With Windows 10 20H2 done and starting to roll out to users, everyone wants to know what’s next. Based on recent patterns, it should be Windows 10 21H1 — the “spring” feature update for , followed by an incremental 21H2 “fall” feature update. But the arrival of Windows 10X is going to shift the Windows landscape in 2021.
While it was housed in the Azure organization, the Windows engineering team was following the Azure “semester” development schedule, with new features assigned to either the January to June bucket or the June to December bucket. The June to December 2020 bucket is codenamed “Iron” and the January to June 2021 bucket is “Cobalt.” Features that fall into any given semester bucket can roll out in any Windows 10 release; they are not necessarily tied to the release when they’re ‘built.’ And Windows 10 feature updates that include features largely built during a particular semester are known by those codenames.
As I previously reported, Microsoft might opt to skip releasing a 21H1 Windows 10 feature update. (Officials won’t confirm or deny this every time I ask.) Instead, they might just do one feature update next year, the “Cobalt” update in the fall of 21H2. In the spring, last I heard, Microsoft is planning to release the first iteration of Windows 10X — its simpler and more secure Windows 10 variant which it originally planned to debut on dual-screen devices, but now plan to roll out first on new single-screen PCs and 2-in-1s.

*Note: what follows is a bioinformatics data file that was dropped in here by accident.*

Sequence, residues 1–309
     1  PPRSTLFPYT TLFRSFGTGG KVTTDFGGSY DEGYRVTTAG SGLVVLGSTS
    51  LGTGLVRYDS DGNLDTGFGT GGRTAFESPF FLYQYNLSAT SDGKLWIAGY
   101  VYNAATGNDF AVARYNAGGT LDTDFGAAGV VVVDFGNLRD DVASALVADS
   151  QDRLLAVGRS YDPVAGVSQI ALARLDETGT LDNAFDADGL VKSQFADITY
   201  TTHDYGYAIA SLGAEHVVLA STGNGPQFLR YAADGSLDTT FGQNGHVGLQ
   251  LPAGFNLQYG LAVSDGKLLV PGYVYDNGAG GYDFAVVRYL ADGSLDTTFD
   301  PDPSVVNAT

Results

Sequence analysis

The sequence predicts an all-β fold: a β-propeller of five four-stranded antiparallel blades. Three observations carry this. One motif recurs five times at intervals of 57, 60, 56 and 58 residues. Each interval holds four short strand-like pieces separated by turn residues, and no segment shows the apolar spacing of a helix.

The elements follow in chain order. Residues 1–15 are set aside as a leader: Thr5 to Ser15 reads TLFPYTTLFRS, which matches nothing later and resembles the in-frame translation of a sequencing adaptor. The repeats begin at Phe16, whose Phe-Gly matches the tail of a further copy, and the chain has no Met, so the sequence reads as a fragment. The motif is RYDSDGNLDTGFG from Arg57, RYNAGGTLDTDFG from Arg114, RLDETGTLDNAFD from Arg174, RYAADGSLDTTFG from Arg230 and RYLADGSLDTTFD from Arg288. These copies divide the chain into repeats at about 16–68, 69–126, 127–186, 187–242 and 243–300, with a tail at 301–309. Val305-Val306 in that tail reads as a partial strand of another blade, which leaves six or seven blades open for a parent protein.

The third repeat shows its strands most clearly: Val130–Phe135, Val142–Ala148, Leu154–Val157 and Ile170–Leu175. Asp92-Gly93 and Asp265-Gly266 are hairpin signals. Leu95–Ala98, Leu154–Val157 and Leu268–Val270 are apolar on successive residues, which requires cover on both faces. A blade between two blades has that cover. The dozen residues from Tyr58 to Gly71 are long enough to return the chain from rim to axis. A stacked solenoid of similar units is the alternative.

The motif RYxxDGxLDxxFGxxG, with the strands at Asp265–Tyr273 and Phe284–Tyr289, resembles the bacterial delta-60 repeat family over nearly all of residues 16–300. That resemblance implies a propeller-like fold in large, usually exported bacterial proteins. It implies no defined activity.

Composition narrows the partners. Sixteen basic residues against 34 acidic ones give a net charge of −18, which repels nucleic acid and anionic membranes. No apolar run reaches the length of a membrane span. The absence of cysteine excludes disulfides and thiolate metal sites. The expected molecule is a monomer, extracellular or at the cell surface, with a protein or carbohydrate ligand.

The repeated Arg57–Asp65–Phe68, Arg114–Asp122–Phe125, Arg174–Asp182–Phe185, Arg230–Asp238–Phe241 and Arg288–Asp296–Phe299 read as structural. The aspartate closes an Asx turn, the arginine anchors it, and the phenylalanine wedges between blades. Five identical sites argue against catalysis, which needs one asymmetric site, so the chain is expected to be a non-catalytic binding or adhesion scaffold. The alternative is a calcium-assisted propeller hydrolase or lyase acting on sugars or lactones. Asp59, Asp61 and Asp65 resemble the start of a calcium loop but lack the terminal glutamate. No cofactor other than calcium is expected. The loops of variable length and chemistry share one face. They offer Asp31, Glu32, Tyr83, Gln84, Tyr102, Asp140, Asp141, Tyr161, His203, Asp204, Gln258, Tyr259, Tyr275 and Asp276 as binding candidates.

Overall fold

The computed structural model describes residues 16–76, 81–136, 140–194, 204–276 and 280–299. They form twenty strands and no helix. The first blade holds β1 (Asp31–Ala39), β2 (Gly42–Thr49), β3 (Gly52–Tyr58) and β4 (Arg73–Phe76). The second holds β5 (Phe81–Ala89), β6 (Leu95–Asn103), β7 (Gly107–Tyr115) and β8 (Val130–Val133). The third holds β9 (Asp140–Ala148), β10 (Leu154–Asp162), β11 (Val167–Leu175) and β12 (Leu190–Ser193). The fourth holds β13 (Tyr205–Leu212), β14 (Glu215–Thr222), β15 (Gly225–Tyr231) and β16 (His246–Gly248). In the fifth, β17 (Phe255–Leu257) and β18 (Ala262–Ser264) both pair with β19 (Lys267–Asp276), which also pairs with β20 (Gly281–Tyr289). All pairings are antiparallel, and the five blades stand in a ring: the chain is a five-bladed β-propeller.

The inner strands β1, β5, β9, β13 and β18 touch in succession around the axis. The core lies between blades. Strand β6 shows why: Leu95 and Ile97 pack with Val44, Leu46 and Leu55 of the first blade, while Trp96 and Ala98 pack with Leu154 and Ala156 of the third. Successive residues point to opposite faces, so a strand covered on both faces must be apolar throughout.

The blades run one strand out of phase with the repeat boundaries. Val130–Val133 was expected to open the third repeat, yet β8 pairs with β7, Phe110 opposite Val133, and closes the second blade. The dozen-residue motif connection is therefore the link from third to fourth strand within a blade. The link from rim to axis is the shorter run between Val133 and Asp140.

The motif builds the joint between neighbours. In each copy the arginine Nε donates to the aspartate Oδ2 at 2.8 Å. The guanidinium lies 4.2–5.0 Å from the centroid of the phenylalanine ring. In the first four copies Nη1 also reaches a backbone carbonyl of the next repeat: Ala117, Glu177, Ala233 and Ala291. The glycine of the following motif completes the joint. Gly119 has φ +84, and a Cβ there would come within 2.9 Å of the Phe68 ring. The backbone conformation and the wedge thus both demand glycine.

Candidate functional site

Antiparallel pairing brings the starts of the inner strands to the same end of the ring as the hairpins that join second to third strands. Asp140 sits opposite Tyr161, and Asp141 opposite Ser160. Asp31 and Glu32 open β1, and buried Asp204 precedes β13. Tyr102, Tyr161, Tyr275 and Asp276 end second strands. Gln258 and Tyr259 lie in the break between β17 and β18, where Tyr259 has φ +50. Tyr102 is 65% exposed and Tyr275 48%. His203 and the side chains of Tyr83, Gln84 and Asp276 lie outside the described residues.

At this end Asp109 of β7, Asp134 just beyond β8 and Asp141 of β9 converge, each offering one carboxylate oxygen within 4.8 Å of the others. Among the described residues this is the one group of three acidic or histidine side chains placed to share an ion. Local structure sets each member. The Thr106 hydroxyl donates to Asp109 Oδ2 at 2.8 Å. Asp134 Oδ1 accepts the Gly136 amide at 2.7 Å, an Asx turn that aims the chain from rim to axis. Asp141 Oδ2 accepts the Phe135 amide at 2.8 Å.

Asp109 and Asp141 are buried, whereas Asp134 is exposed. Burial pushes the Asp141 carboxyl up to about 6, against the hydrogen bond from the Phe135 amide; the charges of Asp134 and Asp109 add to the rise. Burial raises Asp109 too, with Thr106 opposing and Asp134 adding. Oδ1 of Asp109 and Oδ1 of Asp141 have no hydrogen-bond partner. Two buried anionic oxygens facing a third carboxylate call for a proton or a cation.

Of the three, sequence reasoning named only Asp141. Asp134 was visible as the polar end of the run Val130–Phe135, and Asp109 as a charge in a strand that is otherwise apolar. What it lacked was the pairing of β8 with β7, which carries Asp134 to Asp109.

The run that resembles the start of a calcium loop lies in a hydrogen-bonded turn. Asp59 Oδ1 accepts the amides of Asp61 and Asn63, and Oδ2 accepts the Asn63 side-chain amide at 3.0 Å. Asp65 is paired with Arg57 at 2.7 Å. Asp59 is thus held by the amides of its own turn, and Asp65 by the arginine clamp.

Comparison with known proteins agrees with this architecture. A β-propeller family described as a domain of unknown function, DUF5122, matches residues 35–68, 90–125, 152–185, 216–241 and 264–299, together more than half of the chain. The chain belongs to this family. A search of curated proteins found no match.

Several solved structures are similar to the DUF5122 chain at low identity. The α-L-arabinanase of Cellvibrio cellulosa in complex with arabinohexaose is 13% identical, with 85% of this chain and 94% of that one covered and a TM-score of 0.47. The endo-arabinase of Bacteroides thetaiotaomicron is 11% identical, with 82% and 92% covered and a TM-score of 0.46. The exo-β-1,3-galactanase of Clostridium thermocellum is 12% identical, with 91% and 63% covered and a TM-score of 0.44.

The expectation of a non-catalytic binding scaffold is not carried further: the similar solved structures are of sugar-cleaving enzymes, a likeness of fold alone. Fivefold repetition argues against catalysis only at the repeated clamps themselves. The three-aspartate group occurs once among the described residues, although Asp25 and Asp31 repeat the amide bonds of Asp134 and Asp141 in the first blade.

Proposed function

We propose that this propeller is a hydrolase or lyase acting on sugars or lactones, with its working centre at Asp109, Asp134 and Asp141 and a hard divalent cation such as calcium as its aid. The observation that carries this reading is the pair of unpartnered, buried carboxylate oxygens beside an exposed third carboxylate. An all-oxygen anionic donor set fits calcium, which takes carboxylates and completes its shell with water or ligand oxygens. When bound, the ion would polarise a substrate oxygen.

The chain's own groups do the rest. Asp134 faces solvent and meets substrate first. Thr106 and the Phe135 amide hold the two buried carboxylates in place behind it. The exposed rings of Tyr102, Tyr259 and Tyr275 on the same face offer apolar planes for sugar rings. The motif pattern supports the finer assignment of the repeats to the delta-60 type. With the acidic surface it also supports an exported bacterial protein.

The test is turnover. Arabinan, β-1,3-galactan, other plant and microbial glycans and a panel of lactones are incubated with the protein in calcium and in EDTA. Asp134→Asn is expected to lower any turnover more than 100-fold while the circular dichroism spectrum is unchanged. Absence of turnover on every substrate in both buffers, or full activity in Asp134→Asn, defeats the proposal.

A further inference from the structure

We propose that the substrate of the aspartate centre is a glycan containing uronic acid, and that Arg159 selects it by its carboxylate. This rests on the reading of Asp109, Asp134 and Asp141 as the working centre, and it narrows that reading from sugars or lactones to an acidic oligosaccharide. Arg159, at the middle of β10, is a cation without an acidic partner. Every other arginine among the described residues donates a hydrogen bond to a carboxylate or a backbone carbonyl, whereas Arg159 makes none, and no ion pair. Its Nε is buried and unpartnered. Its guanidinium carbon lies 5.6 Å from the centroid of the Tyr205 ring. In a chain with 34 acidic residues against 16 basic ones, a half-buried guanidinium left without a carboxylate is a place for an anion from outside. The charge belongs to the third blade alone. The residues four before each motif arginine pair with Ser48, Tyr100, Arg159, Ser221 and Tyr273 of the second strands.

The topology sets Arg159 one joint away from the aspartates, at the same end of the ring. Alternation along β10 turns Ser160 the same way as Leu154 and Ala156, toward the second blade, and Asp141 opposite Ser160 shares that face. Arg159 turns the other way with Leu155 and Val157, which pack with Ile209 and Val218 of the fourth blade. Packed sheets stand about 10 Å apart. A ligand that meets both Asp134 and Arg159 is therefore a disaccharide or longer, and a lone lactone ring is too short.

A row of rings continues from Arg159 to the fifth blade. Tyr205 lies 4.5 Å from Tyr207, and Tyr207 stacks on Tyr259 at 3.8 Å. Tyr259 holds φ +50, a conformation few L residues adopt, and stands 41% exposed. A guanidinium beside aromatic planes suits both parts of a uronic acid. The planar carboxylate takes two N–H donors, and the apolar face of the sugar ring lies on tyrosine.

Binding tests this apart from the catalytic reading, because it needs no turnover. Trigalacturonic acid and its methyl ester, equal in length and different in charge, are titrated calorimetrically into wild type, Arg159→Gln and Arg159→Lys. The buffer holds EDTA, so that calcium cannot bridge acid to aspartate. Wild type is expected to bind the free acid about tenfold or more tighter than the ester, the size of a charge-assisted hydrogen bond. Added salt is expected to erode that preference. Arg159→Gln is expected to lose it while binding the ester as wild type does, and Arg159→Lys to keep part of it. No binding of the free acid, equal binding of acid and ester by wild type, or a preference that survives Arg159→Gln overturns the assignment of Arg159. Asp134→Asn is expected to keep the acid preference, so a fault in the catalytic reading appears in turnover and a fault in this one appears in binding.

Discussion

Today, October 28, Windows Central reported that the 21H2 Cobalt Windows 10 feature update isn’t going to be minor. It’s going to be much bigger than the usual feature update and will include a UI refresh across a number of Windows components and apps. The UI refresh itself is codenamed “Sun Valley,” according to Windows Central’s Zac Bowden. This UI refresh will include an overhaul to the Start Menu, Action Center and some in-box/bundled Microsoft apps, Bowden says, and will be an optional change.
My contacts say the Sun Valley codename does, indeed, exist. According to materials from this summer that I’ve seen, Microsoft engineering has been describing the version of Windows 10 due next fall as “Windows 10++.” So perhaps Sun Valley is the equivalent of the “++” here. These ++/Sun Valley changes also are likely to work their way into Windows 10X for single-screen devices by Spring 2022, based on the last information I’ve heard/seen.
I’ve asked Microsoft again today if it is changing how it will be rolling out new features to Windows 10 users starting next year. I can’t help but wonder if Microsoft will add some new Windows 10 features via Cumulative Updates up until the fall 2021 Cobalt feature release. If and when I hear more from Microsoft, I’ll add the information to this post.